• Ulaan zalaat: ulaan (red), zalaa (tassel); person who wears hat with red tassel.[citation needed] Today, Mongols call themselves "red-tasseled Mongols" because Mongols wear hat with red tassel and they adore fire.[citation needed] Fire is a general symbol of eternal growth, wealth, and success and a figure of fire is used in Mongolian flag, coat of arms and Soyombo symbol. The three tongues of the flame represent the past, present, and future.[citation needed]

Shamanic practices continue in present-day Mongol culture.[6][7]

Relationship with the Mongols: The Legend of Ergune Khun

According to Mongol legend, two warriors named Kiyan (Khiyad) and Negus (Mongolian: Nokhos, dog or wolf) were defeated in battle and forced to seek shelter in an enclosed valley called Ergune khun ("steep cliffs"). After several generations the descendants of these heroes became too numerous for the valley to support, but no one remembered the way out. A blacksmith came up with a solution—they would create their own way out by melting an exposed iron vein that existed in one of the encircling mountains. Building a massive fire and stoking it with 70 large bellows, the trapped clan did just that and succeeded in creating a passage to the outside world. Once free, the people of Kiyan and Negus went on to create several tribes, including the Mongols and the Hongirads (whose susceptibility to gout was explained by the "fact" that their ancestors were the first to flee Ergene Qun, so they burned their feet on the hot iron).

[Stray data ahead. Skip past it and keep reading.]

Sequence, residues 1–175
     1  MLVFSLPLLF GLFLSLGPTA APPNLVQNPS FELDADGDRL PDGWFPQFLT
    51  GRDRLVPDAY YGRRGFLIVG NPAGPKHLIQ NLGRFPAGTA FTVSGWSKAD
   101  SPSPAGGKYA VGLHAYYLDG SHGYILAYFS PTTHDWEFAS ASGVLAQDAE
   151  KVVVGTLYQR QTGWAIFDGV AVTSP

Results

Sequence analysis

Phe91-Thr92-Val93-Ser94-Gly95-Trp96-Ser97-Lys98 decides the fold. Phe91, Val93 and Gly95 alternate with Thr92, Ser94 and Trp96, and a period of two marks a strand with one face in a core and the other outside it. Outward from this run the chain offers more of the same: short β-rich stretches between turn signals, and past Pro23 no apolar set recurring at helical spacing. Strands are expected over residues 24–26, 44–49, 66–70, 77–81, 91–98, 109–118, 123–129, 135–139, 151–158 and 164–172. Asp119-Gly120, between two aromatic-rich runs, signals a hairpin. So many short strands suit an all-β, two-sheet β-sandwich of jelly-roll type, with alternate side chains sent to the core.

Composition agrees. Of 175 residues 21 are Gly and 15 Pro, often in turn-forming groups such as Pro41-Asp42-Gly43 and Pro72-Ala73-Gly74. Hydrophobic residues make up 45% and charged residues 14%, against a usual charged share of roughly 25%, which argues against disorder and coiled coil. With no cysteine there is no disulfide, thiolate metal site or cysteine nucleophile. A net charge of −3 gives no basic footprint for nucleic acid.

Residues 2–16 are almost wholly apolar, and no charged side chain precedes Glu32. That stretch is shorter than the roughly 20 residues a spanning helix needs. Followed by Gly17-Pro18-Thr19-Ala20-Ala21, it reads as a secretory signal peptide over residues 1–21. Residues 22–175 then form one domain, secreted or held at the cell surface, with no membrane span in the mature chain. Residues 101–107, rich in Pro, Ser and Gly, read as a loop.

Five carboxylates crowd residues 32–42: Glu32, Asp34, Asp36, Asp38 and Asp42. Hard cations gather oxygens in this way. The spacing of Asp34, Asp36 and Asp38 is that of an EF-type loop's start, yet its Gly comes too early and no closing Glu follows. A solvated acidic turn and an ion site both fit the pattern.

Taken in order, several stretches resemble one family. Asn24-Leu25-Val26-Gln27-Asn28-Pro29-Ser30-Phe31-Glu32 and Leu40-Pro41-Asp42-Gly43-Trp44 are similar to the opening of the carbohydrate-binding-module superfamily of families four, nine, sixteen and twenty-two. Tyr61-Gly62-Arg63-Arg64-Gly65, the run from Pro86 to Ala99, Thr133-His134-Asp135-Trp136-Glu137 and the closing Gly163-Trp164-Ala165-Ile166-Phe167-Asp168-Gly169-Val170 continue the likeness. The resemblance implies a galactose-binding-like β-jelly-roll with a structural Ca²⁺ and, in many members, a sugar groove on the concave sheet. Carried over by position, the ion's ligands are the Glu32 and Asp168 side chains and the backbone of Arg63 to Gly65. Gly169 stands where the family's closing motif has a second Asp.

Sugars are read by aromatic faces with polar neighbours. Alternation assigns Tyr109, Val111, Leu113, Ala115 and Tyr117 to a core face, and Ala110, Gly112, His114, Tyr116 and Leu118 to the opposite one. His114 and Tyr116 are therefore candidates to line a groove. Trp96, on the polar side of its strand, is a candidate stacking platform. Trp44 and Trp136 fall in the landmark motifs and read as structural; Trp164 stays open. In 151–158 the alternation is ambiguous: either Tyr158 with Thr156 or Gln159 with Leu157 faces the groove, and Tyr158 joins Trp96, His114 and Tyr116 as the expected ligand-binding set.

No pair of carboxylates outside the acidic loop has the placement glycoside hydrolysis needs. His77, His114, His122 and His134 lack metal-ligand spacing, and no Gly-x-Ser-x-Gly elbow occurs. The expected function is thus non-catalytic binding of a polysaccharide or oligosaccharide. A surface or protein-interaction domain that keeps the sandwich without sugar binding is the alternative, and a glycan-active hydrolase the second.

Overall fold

Consort Tribe

Empress Radnashiri was from the Khunggirad